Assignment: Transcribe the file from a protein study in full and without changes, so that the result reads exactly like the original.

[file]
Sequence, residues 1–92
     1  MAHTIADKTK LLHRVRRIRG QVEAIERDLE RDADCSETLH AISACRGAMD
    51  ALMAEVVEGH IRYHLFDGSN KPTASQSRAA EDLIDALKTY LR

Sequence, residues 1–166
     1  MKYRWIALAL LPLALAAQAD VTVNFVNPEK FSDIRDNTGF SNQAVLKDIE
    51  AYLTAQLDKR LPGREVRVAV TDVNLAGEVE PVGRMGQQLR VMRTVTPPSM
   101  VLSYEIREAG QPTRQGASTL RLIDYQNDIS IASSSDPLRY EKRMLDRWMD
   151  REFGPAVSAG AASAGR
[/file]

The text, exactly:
Sequence, residues 1–92
     1  MAHTIADKTK LLHRVRRIRG QVEAIERDLE RDADCSETLH AISACRGAMD
    51  ALMAEVVEGH IRYHLFDGSN KPTASQSRAA EDLIDALKTY LR

Sequence, residues 1–166
     1  MKYRWIALAL LPLALAAQAD VTVNFVNPEK FSDIRDNTGF SNQAVLKDIE
    51  AYLTAQLDKR LPGREVRVAV TDVNLAGEVE PVGRMGQQLR VMRTVTPPSM
   101  VLSYEIREAG QPTRQGASTL RLIDYQNDIS IASSSDPLRY EKRMLDRWMD
   151  REFGPAVSAG AASAGR